If There Is A Heaven

I know that if heaven exists, my mother sits in an old metal porch chair with a cup of coffee, watching her granddaughter Rachel grow to whatever an infant can be in the eternity.  Her sisters Joyce and Della will join her from time to time, with my Aunt Dode’s grandson Johnny and Aunt Della’s daughter Sabrina.  I’m sure my uncle Joe and my dad trade stories from a comfortable couch just inside the door, because nobody accepted my father, with his fatal flaws, like Joe Orso.  My cousins Jim and Paul provide the background music on their guitars, while my little brother Steve sits nearby on the banks of a lovely river, resting his tired spirit.

If there is a heaven, someone will carry a birthday cake with ninety-seven candles into the breakfast room, while the gathered angels sing happy heavenly birthday to my mother.  Aunt Dode will have made mostaccioli.  My grandfather’s contribution would be sweet corn from a neighboring field, yubra, and a strong liquor in a tiny glass of which my mother will not partake.  She’ll smile, watching her father Delmar and his twin Elmer drink.  If there is a heaven, there will be no sorrow in paradise this day.

The sorrow lies in my heart.  I watched an undertaker’s van carry my mother’s body from the home of my childhood some thirty-eight years ago, just two weeks before her fifty-ninth birthday.  Every day since then has held some memory of her, in a single bloom on whatever porch I had to a cardinal landing on a nearby branch.  I hear her husky voice singing low, soothing one of my younger brothers or, later, a grandchild.  She had a way of comforting the ones whom she loved for which I yearn in my grimmest hours.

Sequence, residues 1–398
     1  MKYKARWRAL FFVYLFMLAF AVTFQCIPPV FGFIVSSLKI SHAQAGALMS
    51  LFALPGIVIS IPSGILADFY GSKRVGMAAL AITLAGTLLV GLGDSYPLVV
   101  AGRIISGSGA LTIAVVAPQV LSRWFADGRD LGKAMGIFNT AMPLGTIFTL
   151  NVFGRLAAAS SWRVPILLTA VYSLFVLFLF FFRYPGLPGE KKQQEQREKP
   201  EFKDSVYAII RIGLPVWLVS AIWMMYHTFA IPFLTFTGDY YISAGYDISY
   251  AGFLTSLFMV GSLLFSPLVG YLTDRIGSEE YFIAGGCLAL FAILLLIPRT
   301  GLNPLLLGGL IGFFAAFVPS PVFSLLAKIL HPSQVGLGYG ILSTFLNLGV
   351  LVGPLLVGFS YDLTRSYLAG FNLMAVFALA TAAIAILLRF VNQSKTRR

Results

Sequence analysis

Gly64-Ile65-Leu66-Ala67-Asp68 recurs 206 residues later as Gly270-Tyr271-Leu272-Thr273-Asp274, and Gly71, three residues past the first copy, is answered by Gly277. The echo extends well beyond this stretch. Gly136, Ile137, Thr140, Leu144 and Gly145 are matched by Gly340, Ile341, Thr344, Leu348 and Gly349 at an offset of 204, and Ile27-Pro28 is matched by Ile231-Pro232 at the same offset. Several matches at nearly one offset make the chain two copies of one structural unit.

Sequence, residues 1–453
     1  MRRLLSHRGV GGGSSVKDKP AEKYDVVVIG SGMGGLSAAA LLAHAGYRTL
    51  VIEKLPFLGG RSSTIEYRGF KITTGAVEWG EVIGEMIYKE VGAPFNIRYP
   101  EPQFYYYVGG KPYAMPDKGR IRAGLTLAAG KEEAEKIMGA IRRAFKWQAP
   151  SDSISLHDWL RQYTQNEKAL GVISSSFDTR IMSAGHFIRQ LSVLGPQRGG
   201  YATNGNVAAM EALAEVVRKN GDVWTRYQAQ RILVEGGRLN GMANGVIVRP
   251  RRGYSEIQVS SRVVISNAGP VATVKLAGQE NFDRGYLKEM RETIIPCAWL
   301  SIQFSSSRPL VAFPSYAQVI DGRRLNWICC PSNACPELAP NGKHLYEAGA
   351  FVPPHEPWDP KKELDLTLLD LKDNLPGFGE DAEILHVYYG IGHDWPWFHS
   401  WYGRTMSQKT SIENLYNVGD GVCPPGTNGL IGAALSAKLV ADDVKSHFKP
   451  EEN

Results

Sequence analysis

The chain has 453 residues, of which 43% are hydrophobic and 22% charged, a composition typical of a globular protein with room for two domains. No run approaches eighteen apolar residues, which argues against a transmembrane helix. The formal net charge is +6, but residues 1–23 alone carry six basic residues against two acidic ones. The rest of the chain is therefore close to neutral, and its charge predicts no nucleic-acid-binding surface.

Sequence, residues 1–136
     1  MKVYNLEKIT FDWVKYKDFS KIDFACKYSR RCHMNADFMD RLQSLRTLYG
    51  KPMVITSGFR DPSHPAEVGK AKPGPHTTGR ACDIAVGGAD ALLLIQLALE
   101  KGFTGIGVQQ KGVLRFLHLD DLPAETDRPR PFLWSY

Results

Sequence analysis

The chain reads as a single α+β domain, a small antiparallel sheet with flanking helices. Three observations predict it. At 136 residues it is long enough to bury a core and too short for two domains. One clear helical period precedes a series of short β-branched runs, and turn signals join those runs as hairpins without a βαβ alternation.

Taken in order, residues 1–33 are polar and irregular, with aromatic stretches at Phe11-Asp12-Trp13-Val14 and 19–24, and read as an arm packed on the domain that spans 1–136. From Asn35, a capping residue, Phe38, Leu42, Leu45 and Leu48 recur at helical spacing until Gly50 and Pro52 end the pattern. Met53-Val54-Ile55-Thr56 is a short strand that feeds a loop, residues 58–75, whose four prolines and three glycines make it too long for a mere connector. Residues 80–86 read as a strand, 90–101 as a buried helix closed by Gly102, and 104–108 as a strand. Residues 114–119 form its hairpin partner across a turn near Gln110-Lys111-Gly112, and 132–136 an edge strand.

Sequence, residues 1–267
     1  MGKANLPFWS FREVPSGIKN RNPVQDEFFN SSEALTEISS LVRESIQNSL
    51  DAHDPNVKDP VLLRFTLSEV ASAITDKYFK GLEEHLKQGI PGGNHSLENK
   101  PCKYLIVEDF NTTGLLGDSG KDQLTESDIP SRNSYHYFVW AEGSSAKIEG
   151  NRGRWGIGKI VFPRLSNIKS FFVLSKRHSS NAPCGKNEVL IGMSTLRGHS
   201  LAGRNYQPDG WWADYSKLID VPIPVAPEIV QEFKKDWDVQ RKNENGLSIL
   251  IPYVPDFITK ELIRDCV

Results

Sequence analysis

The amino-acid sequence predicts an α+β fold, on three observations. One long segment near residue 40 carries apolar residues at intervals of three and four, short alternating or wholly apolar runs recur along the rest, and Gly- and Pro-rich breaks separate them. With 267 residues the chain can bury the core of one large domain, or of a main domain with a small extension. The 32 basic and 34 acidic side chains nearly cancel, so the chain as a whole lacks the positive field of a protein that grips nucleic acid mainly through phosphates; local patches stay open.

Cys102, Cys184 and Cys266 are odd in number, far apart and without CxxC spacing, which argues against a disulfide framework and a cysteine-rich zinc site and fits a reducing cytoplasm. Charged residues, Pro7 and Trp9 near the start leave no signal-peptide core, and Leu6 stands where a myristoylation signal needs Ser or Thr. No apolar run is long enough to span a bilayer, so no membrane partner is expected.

My mother’s life held much for which she herself needed empathy.  She left nursing school to marry, just months before graduation, which she would come to regret.  Oh, she did not for one moment lament her eight children!  But the husband, my father, gave her much anguish even though she loved him.  A damaged World War II infantryman, Richard Adrian Corley would have been diagnosed with PTSD and given help two or three wars later.  As it was, he found his therapy in alcohol, and it must be said, he was a mean drunk.

My mother brought the sparkle to days which followed nights of terror.  We walked the streets of Jennings singing church hymns, awaiting my father’s inevitable collapse after a rage.  In the morning, she would fix breakfast and encourage us to take our noisy selves outside.  If it were Sunday, breakfast would wait until we had gone to Mass and taken Holy Communion.  On Saturdays, she would send us to Northland for the dollar movies, or to the nearby public school to play on the merry-go-round.  She made what she could of the slim budget.  She kept a clean house.  She nurtured potted plants and, later, a vegetable garden.  She provided as well as she could between her husband’s violence and the normal challenges of raising a large family on her small salary.

If there is a heaven, the deity surely rewarded my mother for her tolerance of my father’s fury.  She will also have found forgiveness for failing to protect her children from her husband’s wrath.  Perhaps they will have been given a small cottage beside that river, on the banks of which their baby boy lies sleeping.  If there is a heaven, surely Lucille Johanna Lyons Corley has a place in the ranks of the eternally cherished.  She certainly earned first-tier accommodations.

It’s the tenth day of the one-hundred and seventeenth month of My Year Without Complaining.  Life continues.

Gone But Never Forgotten

Lucille Johanna Lyons Corley

10 Sept 1926 – 21 Aug 1985


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